Stephen Colbert tried to start his Late Show monologue with something positive Monday night. But all he could come up with was the cheery news that the Dow Jones Industrial Average lost more than 750 points.
From there, he moved on to share with viewers that he’s been watching the HBO miniseries Chernobyl. “Over and over again in it, a scientist or engineer will tell a politician, ‘Hey, we’ve got a real problem here. The nuclear core is going to melt down and kill everyone,’” Colbert explained. “But the politicians refuse to believe it because any acknowledgment of failure threatens their position of power, and their power is more important than saving lives.”
“What’s that got to do with anything?” he asked. “Well, I think at this point it’s clear that America’s gun culture is melting down. But the Republicans in Congress would rather maintain their power than save lives.”
Instead of blaming President Trump for inaction on guns—or for inciting white supremacist hate—Colbert turned his attention to Senate Majority Leader and “this month’s centerfold of Corruption Monthly” Mitch McConnell, who has refused to allow votes on bipartisan gun control legislation. “I’m sure he has his reasons, like the $1.26 million in NRA contributions he has received,” he said. “You can’t put a price on human life, but it doesn’t stop Mitch from trying.”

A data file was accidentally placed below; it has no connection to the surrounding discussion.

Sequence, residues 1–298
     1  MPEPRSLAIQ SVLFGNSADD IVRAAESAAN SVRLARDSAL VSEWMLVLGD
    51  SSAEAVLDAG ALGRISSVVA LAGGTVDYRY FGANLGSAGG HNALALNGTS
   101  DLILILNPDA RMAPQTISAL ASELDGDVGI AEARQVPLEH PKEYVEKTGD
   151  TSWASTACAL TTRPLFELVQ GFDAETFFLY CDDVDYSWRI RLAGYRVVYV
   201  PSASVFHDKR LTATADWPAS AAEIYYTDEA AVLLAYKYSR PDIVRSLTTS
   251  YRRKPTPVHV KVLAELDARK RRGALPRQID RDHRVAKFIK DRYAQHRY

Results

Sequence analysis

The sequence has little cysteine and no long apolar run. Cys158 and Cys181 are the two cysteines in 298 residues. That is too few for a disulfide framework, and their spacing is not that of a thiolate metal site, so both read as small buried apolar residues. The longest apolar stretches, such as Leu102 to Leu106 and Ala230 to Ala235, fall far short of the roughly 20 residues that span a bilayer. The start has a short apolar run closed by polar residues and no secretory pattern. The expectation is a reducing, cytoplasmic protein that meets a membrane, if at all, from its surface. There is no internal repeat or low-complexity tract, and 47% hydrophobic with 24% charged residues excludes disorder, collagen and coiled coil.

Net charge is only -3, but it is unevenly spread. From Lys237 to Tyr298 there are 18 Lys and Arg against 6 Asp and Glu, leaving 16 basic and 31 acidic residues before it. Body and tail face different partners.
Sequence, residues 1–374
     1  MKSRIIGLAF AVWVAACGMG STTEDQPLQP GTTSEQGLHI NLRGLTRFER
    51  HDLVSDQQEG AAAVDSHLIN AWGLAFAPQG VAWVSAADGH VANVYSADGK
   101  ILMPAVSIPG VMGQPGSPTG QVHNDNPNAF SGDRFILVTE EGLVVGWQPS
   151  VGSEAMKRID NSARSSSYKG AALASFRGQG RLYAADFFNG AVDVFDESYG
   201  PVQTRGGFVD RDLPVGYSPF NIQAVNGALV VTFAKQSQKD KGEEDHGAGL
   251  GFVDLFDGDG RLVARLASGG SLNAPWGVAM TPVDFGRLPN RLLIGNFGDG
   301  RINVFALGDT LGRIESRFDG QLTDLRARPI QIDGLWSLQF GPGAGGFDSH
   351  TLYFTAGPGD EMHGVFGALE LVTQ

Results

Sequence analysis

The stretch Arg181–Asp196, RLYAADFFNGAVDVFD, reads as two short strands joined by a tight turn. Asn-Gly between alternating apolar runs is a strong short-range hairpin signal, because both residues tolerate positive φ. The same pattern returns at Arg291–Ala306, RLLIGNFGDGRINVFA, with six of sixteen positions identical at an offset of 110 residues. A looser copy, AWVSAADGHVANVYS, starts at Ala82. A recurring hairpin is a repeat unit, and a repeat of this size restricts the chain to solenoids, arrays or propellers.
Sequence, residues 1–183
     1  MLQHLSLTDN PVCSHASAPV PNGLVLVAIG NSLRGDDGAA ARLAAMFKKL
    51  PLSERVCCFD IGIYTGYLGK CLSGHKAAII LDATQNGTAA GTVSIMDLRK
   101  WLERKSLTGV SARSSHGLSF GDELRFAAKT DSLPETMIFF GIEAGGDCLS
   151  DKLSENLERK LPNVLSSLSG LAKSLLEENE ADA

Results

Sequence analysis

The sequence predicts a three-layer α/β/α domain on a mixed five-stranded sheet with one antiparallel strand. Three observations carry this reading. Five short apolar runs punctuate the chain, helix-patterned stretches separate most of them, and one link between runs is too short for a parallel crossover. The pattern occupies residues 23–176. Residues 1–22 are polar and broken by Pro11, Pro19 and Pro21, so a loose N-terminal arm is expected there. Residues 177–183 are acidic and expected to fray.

Colbert did eventually pivot to the apparent racist motivations behind the mass shooting in El Paso and applauded 2020 candidate Beto O’Rourke for blaming Trump’s anti-immigrant rhetoric. “Well said. That is refreshing candor,” he said. “It’s all well and good to offer thoughts and prayers, but sometimes you want shouts and swears.”
He also went after the president for mistakenly saying that Ohio’s mass shooting occurred in Toledo—as opposed to Dayton. “All right, wrong city, but don’t worry, sir, it's not like Ohio’s that important in presidential elections,” Colbert said. “Joe Biden better hope it’s not, because last night, he offered sympathy for the ‘tragic events in Houston and also in Michigan.’”
During his address on Monday, Trump declared, “In one voice, our nation must condemn racism, bigotry, and white supremacy.” To which Colbert replied, “I try my best every night, but you’re still in office.”